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BioMed Research International
Volume 2013, Article ID 480620, 9 pages
Research Article

Effect of Intermittent Low-Frequency Electrical Stimulation on the Rat Gastrocnemius Muscle

1Graduate School of Health and Sport Science, Nippon Sport Science University, 7-1-1 Fukazawa, Setagaya-ku, Tokyo 158-8508, Japan
2Faculty of Sport and Health Science, Ritsumeikan University, Shiga, Japan

Received 28 March 2013; Revised 1 June 2013; Accepted 12 June 2013

Academic Editor: Ashraf S. Gorgey

Copyright © 2013 Arata Tsutaki et al. This is an open access article distributed under the Creative Commons Attribution License, which permits unrestricted use, distribution, and reproduction in any medium, provided the original work is properly cited.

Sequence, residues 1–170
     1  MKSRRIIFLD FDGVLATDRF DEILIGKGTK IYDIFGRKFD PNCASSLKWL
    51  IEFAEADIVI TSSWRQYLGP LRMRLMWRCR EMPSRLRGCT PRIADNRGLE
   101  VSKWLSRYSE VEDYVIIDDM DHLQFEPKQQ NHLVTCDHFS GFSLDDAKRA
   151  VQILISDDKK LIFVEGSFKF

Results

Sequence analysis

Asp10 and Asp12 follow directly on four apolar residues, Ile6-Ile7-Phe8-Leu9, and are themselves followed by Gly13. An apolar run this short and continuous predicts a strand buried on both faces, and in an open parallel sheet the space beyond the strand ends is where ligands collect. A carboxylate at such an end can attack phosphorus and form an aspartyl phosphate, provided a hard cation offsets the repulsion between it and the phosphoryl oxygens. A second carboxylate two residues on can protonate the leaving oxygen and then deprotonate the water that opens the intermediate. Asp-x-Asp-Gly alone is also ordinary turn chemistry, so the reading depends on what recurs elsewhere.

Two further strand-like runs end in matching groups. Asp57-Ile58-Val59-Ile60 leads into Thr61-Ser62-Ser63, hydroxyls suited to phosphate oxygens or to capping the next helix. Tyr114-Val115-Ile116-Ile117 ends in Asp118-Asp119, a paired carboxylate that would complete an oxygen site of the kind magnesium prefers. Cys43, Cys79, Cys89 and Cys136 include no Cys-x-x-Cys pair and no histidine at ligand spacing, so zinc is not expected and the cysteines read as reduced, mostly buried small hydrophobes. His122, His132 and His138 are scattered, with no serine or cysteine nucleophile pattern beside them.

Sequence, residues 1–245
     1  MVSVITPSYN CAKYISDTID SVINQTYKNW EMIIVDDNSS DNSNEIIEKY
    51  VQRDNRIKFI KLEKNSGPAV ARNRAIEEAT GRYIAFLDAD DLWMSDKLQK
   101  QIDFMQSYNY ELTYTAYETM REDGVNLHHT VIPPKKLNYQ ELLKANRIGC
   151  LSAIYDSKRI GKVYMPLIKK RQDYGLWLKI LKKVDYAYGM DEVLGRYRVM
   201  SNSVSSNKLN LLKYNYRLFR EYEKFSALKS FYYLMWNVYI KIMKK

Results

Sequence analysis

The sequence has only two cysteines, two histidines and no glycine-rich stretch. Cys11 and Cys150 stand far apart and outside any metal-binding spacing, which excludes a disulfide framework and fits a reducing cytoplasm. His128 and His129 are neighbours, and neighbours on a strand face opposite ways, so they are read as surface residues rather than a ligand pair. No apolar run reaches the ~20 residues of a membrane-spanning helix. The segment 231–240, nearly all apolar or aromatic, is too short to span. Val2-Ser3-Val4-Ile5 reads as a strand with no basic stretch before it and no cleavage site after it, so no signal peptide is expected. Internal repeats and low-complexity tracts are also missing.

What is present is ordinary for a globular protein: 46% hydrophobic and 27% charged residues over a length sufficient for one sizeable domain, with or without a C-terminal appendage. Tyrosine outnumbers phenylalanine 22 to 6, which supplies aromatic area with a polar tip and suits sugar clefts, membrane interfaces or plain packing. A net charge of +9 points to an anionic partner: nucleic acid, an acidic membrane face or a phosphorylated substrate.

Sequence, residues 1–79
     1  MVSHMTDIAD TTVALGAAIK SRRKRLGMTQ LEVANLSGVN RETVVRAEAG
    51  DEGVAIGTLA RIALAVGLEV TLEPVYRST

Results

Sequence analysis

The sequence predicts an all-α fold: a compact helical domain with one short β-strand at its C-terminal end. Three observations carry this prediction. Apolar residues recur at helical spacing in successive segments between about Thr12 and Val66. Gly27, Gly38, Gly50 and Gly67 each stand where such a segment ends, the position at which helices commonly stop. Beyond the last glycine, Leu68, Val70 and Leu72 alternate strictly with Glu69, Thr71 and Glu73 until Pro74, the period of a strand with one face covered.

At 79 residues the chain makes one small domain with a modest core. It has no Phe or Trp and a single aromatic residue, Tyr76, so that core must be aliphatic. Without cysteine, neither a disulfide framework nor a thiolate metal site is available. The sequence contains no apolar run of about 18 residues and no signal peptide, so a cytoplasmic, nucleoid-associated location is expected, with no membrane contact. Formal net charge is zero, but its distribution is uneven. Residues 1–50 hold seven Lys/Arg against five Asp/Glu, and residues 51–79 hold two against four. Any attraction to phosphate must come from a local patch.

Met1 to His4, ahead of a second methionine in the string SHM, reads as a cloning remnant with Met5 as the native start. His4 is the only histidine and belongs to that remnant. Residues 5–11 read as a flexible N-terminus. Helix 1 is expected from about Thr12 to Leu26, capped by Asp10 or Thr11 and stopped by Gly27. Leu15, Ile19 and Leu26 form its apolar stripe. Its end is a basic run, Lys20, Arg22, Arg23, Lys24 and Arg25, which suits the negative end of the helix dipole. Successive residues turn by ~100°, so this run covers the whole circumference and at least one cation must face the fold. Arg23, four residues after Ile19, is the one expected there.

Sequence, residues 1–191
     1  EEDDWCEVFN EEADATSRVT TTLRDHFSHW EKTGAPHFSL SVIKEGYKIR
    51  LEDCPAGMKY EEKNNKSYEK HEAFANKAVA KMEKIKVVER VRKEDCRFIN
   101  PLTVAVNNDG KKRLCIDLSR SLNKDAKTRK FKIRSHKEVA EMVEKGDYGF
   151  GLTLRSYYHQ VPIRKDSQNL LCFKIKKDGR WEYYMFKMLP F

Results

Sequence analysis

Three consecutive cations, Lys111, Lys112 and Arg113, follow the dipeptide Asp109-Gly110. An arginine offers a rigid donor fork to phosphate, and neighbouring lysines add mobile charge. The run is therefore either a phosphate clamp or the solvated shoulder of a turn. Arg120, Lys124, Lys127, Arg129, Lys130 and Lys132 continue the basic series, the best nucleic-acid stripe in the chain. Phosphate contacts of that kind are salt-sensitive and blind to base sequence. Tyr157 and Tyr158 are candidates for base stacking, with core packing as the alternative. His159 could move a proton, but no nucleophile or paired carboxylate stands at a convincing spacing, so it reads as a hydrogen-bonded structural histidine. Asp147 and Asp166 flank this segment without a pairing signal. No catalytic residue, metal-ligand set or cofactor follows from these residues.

Low-frequency neuromuscular electrical stimulation (NMES) has been used as an endurance exercise model. This study aimed to test whether low-frequency NMES increases the phosphorylation of anabolic signaling molecules and induces skeletal muscle hypertrophy, as seen with high-frequency NMES. Using Sprague-Dawley rats, 1 bout of exercise (with dissection done immediately (Post0) and 3 h (Post3) after exercise) and another 6 sessions of training were performed. All experimental groups consisted of high- and low-frequency stimulation (HFS: 100 Hz; LFS: 10 Hz). Periodic acid-Schiff (PAS) staining was conducted to investigate type II fiber activation, and western blot analysis (WB) was conducted to examine whether NMES leads to anabolic intracellular signaling. At first, we examined the acute effect of exercise. PAS staining revealed that glycogen depletion occurred in both type I and type II fibers. WB results demonstrated that p70S6K phosphorylation was significantly increased by HFS, but there was no significant difference with LFS. In contrast, ERK 1/2 phosphorylation was increased by LFS at Post0. In the 6-session training, the wet weight and myofibrillar protein were significantly increased by both HFS and LFS. In conclusion, LFS has a similar anabolic effect for skeletal muscle hypertrophy as HFS, but the mediating signaling pathway might differ.